Cheese Bread and Lobster Pastel

As a recent discoverer of the delights of Ceviche I love to see one on a menu. Marinated in lime and celery with lots of cilantro and cucumber the seafood was tender and the bonus bites of maple candied sweet potato was a wonderful contrast to the citrus.

Mata Petisco Bar

Corvina Ceviche

New to my palate were these smoked crispy chicken hearts that while texturally were a bit to get use to, they were combined with an amazing cauliflower puree and ancho chili aioli. The breading on the little hearts was so tasty, perfectly seasoned with a wonderful crunch. As someone whose taste buds lean heavily to hot and spicy I quickly took advantage of amazing trio of hot pepper oils that came to the table.  Each with a bigger kick they completely elevated my flavor experience with the chicken hearts.  My only wish was I had them when I was trying the ceviche.

Mata Petisco Bar

Smoked Crispy Chicken Hearts

Mata Petisco Bar

Hot Pepper Oil Trio

Seeing sliders on the menu was no surprise with thinking about a shared plate experience and these picanha ones were outstanding.  Medium rare and topped with carmalized onions, house made catupiry cheese and a malagueta pepper aioli this was one of my favorites of the evening.  Picanha, a rump based cut of beef produces very moist and flavourful ground meat that when paired with the creamy brie like cheese and heat of the chili pepper results in a fantastic burger.

Mata Petisco Bar

Picanha Slider

Another fairly new flavour to my repertoire is octopus.   Great food needs to have all the senses involved and mouth feel is a big part in deciding whether a dish is loved or hated. This is one of the problems I have had with past experiences with this cephalopod. Chewy and uncompromising.  This plate of grilled octopus was a whole other story.  Soft, tender slivers of smoky meat paired with another standout puree, this time Hearts of Palm and a sweet raspberry balsamic reduction.  I really, really wanted to like this dish.  I ended up loving it.  And those Taro chips! They need to be sold in bulk.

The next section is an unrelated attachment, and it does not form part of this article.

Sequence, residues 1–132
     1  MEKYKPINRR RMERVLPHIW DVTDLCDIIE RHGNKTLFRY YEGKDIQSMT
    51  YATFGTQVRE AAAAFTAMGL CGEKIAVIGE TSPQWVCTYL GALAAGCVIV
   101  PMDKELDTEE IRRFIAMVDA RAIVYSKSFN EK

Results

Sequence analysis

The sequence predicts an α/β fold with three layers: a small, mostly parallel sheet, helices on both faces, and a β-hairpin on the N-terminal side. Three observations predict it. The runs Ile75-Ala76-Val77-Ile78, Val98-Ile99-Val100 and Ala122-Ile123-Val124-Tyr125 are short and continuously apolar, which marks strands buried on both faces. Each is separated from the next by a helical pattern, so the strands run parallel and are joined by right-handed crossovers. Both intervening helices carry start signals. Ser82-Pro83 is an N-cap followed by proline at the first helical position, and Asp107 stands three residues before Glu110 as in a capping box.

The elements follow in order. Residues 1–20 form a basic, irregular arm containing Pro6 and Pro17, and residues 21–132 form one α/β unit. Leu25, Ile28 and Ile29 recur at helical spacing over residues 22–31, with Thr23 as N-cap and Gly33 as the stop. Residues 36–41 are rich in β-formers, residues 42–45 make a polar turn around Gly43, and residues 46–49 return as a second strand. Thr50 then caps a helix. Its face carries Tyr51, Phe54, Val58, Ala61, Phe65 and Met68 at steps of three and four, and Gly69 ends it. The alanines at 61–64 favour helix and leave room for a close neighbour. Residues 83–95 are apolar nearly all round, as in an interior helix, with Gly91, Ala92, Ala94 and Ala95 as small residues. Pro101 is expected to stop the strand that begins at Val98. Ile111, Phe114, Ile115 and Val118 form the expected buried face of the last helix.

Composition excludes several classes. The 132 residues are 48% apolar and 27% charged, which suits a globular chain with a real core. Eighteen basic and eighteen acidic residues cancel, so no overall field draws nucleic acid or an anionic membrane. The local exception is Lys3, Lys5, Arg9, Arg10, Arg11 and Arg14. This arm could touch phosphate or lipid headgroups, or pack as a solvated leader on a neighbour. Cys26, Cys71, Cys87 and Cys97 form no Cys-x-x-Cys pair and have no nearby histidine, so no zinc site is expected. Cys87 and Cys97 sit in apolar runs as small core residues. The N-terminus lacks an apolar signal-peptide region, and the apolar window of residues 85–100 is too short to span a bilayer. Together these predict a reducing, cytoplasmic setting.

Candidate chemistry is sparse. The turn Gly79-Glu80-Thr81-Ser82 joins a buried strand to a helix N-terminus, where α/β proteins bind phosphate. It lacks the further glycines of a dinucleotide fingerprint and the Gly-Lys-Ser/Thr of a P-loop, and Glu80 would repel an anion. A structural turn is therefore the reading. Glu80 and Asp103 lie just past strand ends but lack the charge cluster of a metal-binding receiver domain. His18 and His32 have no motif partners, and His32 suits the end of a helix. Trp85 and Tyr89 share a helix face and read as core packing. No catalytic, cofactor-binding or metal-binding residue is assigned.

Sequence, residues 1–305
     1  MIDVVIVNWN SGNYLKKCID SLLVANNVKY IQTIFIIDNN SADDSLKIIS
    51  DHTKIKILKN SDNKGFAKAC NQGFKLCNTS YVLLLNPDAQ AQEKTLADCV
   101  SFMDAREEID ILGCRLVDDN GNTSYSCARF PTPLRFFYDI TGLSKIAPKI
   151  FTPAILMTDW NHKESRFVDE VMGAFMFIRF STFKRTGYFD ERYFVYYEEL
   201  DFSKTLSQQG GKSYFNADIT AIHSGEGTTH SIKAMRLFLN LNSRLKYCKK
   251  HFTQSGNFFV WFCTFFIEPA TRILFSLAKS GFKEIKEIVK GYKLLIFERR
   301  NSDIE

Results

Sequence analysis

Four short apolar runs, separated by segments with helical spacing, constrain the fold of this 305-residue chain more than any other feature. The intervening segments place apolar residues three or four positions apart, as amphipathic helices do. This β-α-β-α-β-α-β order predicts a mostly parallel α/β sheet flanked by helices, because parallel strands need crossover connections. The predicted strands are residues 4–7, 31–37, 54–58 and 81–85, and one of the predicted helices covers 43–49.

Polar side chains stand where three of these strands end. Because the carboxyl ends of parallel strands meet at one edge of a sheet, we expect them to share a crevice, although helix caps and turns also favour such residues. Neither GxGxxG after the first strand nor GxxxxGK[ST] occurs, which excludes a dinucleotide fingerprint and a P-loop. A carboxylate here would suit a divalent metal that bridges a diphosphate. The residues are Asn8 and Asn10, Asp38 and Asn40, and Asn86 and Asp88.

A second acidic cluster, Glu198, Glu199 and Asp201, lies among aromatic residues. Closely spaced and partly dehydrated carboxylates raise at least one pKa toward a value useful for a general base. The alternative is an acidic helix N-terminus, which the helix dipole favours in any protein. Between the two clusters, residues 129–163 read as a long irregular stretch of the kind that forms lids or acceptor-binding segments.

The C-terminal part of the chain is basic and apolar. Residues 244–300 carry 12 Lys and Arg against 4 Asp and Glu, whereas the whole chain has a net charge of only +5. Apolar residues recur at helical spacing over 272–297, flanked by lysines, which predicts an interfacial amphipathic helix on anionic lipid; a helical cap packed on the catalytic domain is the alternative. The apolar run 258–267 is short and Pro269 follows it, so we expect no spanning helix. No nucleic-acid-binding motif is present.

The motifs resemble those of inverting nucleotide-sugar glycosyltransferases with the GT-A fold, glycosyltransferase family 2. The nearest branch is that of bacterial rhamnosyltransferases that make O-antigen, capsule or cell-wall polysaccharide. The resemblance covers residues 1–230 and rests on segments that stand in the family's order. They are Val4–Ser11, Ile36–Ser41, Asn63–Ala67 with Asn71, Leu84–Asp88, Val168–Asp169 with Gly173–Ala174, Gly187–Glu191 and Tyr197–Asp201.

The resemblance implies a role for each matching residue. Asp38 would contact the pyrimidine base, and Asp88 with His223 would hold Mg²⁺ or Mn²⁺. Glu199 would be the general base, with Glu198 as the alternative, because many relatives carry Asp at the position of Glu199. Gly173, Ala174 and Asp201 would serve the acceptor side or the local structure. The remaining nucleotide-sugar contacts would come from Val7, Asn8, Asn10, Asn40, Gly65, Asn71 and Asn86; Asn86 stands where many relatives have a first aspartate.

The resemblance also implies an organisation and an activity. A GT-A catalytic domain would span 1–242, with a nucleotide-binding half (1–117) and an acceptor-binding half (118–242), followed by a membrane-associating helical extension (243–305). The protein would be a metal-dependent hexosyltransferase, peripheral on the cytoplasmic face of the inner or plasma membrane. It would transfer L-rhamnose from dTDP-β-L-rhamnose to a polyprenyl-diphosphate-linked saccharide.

Mata Petisco Bar

Grilled Octopus

As a tip of the hat to Canadian culture poutine can be found on the menu.  But this is not your mother’s poutine.  Cassava, a tuberous root vegetable native to Brazil, is turned into fries and topped with shredded smoked beef cheek, red wine demi glace, cheese curds and fresh herbs.  Strong cheese, a hearty beef gravy and crunchy fries, everything needed to make a stellar poutine.

Mata Petisco Bar

Beef Cheek Poutine

While I slightly hoped that some of that coconut gelato may be lurking back in the kitchen I was just as pleased to try the dessert choice of the evening, an avocado creme brulee. Velvety smooth with a vibrant, tart, lime flavour it was a refreshing end to an incredible meal.  And as with all creme’s placed in front of me I ate around the brulee only to savour it’s burnt caramel sweetness at the end.

Mata Petisco Bar

Avocado Creme Brulee

With plans of opening for brunch on the weekends, expansion of the wine list, and regular seasonal menu changes Mata Petisco Bar has placed it’s roots firmly in the neighbourhood.  By building their introduction into Toronto’s culinary scene slowly and revolving it around the world’s biggest sporting event of the year it is easy to gauge that the combined experience and knowledge between these 5 friends will be the backbone of their success.